“To provide updated information on operators in the Nigerian Capital Market for reference and other official purposes by local and foreign investors, other regulatory agencies and the general public, to increasingly reduce incidences of unethical practices by CMOs such as may affect investors’ confidence and impact negatively on the Nigerian Capital Market and to strengthen supervision and monitoring of CMOs by the Commission,” SEC explained.
According to the circular, the commission said CMOs yet to renew their registration at the expiration of late filing on May 31, would not be eligible to operate in the capital market.
It explained that CMOs were required to have completed the renewal process on or before April 30, however, the commission said late filing for renewal of registration would only be entertained from May 1 to May 31.
SEC also said that asides from barring the CMOs who failed to comply accordingly, their names would be published on its website and national dailies.
It added that names of eligible CMOs would be communicated to the relevant securities exchanges and trade associations.
A Threat to Revenue As Nigeria’s Largest Importer of Crude, India slash Imports By $39.5B
Nigeria’s revenue earning capacity has come under threat following the reduction of importation of crude oil by India.
India, Nigeria’s largest crude oil importer, reduced crude oil imports by $39.5bn in April, compared to the same time the previous year, data from India’s Petroleum Planning & Analysis Cell showed.
According to the Indian High Commission in Nigeria, India’s crude oil imports from Nigeria in 2020 amounted to $10.03bn.
This represented 17 percent of Nigeria’s total crude exports for the year according to the Nigerian National Petroleum Corporation, as quoted by OilPrice.com.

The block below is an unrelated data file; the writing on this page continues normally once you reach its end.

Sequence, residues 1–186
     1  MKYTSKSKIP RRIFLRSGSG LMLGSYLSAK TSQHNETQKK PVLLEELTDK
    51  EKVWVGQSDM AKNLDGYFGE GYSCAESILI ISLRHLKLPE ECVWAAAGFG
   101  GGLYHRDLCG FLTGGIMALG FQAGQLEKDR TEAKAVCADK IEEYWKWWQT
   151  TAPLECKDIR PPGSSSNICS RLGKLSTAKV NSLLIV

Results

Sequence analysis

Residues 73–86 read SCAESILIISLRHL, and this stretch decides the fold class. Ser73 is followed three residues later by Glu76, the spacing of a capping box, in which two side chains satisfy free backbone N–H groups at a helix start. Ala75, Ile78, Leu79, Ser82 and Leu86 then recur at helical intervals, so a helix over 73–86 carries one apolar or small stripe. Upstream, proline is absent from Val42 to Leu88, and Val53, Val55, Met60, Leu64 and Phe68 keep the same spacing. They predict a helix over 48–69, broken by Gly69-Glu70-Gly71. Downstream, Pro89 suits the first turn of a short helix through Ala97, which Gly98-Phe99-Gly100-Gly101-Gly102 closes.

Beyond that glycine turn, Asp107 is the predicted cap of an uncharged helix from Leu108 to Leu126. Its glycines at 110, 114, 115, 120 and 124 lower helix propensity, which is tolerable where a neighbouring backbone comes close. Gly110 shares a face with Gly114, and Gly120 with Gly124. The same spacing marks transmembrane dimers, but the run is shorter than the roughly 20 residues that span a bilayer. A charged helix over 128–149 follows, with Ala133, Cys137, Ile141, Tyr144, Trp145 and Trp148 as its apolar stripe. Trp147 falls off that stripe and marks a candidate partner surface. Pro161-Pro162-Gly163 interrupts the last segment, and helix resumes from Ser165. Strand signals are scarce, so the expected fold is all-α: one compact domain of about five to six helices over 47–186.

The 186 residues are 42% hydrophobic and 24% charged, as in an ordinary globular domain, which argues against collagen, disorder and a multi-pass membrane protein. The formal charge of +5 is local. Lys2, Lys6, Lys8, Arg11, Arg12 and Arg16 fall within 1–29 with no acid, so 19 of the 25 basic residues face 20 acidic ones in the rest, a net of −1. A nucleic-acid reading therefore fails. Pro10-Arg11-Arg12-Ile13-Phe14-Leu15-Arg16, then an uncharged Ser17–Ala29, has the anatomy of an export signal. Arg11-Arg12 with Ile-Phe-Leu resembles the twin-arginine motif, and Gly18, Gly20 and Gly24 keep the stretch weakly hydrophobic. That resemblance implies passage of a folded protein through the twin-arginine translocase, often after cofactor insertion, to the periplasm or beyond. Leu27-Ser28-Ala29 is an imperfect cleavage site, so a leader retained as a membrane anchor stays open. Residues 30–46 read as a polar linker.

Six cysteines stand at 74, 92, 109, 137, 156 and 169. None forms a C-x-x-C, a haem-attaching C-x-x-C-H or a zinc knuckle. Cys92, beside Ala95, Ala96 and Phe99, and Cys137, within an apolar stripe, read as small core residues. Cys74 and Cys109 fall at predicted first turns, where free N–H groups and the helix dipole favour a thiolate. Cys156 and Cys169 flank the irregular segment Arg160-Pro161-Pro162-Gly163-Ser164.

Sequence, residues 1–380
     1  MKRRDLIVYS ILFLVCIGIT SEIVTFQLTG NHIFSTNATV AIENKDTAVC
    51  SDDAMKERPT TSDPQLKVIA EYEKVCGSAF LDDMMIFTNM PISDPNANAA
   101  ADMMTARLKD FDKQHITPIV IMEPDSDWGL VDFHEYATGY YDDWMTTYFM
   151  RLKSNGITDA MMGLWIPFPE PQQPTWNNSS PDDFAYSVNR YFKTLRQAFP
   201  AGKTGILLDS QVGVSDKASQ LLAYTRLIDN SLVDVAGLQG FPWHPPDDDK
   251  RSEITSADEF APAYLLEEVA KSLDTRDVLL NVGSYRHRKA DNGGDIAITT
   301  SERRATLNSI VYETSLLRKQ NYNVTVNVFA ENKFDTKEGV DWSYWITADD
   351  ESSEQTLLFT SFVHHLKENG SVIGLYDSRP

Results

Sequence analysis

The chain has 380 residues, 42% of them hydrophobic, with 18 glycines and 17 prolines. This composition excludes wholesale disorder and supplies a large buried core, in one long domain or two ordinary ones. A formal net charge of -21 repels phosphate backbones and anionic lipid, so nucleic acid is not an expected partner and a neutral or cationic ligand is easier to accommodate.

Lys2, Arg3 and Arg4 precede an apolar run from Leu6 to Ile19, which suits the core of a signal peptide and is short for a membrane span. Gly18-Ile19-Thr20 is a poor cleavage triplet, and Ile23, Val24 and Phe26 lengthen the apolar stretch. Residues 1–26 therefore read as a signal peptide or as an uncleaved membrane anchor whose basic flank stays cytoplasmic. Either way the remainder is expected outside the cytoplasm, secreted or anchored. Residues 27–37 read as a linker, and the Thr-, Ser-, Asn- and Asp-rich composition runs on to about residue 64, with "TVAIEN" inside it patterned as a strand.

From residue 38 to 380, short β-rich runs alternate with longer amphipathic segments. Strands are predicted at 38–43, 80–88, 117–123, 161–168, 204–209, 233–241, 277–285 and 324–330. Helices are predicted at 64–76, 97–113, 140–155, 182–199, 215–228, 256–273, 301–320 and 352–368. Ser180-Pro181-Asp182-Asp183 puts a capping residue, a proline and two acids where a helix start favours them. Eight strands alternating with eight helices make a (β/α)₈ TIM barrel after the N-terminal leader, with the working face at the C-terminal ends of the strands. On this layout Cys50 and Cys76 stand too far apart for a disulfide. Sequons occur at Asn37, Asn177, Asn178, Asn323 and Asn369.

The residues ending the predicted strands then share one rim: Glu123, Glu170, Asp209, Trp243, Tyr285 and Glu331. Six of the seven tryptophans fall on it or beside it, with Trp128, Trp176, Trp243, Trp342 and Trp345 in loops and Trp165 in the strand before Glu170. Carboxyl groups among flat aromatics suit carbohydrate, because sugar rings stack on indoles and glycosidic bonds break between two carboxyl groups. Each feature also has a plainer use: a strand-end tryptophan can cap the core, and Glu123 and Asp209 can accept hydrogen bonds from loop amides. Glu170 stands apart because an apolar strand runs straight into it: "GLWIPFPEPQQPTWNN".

As Nigeria’s largest importer of crude oil, lockdowns in India’s major cities from the COVID-19 surge in April had ripple effects on Nigeria’s oil sales.
The NNPC was prompted to drop the official standard price of its main export streams, Bonny Light, Brass River, Erha, and Qua Iboe, by 61-62 cents per barrel below its April 2021 prices. They traded at $0.9, $0.8, $0.65, $0.97 per barrel respectively, below dated Brent, the international benchmark, as Oilprice.com showed.
India had been buying the not-too-light and not-too-heavy Nigerian crudes that suited its refiners.
Reuters reported that the Indian Oil Corporation’s owned refineries were operating at 95 percent capacity in April, down from 100 percent at the same time the previous month.
An official at the IOC was quoted as saying, “If cases continue to rise and curbs are intensified, we may see cuts in refinery runs and lower demand after a month.” Hundreds of seafarers risked being stuck at sea beyond the expiry of their contracts, a large independent crude ship owner reportedly told Bloomberg.
India reportedly bought more American and Canadian oil at the expense of Africa and the Middle East, reducing purchases from members of the Organisation of the Petroleum Exporting Countries to around 2.86 million barrels per day.
This squeezed the group’s share of imports to 72 percent from around 80 percent previously, as India’s refiners were diversifying purchases to boost margins, according to Reuters.
India also plans to increase local crude oil production and reduce import expenses as its population swells, according to Bloomberg.